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Alt: Martin Luther King Jr. kneeling in prayer with other civil rights marchers after they are arrested in Selma, Alabama (AP Images)

King’s Legacy: Nonviolent Protest

In a 1959 radio address during his visit to India, King said: “Today we no longer have a choice between violence and nonviolence; it is either nonviolence, or non-existence.” His philosophy was inspired by Gandhi’s nonviolent action to end British rule in India. In turn, King has inspired countless others to change their societies through nonviolent means, from the Solidarity movement’s cracking of Soviet occupation in Poland, to Nelson Mandela’s struggle to end apartheid in South Africa.

See the photo gallery “Nonviolent Protest: Following Martin Luther King Jr.” and the feature “Alternatives to Violence.”

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Alt: Martin Luther King Jr. delivering “I Have a Dream” speech to marchers on National Mall, August 28, 1963 (AP Images)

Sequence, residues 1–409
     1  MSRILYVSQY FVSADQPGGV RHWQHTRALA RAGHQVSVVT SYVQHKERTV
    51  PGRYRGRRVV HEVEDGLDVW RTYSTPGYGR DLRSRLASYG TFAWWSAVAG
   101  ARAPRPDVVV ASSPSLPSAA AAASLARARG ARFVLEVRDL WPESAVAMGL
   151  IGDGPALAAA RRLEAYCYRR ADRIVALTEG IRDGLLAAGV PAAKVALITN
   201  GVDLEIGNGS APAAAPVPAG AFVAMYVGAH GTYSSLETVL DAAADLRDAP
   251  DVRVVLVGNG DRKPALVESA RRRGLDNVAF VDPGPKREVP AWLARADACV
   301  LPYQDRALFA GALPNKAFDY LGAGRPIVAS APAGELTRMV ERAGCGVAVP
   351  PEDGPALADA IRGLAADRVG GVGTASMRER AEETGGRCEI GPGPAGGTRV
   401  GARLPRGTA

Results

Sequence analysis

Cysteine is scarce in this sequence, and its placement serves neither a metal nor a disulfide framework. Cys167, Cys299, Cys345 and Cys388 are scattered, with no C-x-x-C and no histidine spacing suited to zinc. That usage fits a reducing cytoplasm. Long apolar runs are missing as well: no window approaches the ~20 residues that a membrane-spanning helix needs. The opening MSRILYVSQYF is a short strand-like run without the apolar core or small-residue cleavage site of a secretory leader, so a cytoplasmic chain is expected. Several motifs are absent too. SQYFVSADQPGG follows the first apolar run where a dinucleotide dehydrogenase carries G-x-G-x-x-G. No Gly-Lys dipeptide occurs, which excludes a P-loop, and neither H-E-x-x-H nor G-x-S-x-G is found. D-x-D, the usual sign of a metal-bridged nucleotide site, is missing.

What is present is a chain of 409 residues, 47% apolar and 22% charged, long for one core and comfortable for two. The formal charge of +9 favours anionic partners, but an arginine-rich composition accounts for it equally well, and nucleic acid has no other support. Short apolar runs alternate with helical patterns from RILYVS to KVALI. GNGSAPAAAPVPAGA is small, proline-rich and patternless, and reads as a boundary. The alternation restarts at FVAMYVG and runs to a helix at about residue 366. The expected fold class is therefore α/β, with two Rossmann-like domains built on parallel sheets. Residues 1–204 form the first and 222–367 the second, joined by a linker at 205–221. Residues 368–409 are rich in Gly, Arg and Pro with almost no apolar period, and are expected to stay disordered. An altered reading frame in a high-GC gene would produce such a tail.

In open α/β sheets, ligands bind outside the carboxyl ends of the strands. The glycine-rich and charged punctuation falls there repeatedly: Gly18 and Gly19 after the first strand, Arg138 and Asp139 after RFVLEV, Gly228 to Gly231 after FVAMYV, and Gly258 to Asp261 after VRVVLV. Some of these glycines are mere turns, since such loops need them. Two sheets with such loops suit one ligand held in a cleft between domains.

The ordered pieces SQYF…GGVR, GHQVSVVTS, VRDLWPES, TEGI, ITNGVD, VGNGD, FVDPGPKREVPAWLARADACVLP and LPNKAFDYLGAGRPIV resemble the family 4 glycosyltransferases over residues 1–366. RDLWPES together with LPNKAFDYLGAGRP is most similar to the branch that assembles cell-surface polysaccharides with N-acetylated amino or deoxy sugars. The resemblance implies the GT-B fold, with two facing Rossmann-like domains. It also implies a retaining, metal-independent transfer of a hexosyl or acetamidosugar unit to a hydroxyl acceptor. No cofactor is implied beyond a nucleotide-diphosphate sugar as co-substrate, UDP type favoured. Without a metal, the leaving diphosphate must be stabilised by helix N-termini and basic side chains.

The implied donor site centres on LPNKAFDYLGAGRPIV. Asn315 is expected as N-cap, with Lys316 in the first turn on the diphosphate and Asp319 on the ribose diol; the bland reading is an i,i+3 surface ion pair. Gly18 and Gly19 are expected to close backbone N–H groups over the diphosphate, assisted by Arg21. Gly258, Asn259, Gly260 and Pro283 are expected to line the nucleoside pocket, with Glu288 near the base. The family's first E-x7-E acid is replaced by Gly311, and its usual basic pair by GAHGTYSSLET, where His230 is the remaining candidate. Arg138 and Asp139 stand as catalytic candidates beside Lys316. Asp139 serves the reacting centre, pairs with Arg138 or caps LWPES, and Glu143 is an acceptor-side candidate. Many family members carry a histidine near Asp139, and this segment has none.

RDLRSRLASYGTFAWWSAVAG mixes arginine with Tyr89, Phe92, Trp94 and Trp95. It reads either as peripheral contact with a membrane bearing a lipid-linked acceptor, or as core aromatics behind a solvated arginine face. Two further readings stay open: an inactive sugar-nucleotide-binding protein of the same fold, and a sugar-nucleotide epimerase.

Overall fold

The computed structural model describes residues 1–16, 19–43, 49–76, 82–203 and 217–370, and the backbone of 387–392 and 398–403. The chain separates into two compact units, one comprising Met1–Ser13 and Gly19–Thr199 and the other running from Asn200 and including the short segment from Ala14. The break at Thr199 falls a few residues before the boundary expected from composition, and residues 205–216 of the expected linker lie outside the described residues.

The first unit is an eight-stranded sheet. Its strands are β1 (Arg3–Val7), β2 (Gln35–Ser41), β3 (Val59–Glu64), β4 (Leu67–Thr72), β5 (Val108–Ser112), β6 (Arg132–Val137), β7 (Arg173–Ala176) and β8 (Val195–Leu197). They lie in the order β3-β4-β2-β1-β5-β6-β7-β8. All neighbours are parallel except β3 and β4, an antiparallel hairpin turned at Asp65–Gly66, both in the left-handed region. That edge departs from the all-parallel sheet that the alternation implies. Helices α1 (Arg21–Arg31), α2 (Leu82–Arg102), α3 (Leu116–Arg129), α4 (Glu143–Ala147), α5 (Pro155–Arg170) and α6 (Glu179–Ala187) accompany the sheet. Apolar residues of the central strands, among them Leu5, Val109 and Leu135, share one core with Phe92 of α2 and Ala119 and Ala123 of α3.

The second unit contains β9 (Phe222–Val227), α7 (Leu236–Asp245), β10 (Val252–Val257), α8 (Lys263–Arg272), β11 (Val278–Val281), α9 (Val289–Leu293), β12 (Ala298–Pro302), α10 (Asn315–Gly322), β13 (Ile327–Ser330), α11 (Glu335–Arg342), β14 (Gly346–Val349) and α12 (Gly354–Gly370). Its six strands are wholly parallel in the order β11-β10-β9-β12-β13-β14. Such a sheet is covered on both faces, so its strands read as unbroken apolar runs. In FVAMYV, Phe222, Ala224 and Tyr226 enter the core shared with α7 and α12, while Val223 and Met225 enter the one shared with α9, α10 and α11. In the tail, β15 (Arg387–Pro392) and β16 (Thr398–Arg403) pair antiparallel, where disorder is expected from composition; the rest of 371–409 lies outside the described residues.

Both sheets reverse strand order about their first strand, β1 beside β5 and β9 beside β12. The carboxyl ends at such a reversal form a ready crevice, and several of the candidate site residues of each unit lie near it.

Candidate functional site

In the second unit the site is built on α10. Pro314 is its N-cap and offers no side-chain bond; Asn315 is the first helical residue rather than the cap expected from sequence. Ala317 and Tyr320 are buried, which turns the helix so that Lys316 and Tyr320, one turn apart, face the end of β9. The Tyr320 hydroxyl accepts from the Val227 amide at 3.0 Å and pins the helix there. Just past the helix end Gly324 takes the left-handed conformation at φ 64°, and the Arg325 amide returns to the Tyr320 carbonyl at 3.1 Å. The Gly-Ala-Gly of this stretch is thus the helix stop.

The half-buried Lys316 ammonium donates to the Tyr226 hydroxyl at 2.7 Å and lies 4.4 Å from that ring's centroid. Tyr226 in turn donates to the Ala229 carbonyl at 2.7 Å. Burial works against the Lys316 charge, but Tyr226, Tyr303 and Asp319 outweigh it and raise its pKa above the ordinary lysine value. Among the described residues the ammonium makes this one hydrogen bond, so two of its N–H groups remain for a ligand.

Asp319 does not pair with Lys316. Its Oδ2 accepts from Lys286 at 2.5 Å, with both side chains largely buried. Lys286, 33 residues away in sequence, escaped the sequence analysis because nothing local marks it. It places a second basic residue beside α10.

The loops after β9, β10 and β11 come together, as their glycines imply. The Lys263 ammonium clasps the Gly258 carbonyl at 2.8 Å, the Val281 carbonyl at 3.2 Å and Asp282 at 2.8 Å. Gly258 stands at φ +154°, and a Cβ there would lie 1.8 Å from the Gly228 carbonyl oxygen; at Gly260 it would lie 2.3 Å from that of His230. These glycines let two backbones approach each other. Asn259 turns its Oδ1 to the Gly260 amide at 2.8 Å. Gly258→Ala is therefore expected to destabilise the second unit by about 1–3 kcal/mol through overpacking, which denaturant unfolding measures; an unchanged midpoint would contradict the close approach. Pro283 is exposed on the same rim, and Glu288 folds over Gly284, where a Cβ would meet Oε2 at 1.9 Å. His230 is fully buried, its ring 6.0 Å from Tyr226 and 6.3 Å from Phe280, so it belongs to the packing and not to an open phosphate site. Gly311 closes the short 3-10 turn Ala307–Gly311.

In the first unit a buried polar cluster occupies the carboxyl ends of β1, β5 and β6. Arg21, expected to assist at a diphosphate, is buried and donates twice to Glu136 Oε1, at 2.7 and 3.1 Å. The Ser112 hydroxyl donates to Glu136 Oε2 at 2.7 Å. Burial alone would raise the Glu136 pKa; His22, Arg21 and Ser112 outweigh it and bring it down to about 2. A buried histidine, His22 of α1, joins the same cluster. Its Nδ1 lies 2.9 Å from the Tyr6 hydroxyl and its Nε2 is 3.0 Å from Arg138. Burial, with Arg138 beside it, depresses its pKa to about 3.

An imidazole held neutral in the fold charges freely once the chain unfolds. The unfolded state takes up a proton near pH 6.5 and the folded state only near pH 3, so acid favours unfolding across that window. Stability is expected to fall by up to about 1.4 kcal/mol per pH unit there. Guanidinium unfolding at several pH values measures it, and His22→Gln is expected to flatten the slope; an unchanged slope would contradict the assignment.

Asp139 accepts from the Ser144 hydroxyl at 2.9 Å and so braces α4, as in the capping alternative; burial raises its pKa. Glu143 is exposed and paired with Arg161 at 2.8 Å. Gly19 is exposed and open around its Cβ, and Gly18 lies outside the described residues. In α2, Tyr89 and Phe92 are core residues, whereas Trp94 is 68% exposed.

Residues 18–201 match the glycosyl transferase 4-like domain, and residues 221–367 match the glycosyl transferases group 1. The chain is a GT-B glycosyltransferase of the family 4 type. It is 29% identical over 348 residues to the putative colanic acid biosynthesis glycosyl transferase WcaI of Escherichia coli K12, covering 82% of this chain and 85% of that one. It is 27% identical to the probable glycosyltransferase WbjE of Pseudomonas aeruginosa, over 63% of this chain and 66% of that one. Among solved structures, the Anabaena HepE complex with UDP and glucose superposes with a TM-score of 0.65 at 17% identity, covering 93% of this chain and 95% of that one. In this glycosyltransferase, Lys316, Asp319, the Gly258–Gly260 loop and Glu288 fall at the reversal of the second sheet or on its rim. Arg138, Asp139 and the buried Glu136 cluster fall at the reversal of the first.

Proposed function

King’s Legacy: Fighting Prejudice

During the 1963 March on Washington, King declared that all people should be judged “not by the color of their skin, but the content of their character.” The King Center in Atlanta (King Center website) is a living memorial to King’s vision of a free and equal world dedicated to expanding opportunity, fighting racism and ending all forms of discrimination.

See the features “Talking About Prejudice” and “Can Tolerance be Taught?


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Alt: Martin Luther King giving speech at church in Albany, Georgia, about legal fights ahead for integration, July 22, 1962 (AP Images)

King’s Legacy: Pursuing Social Justice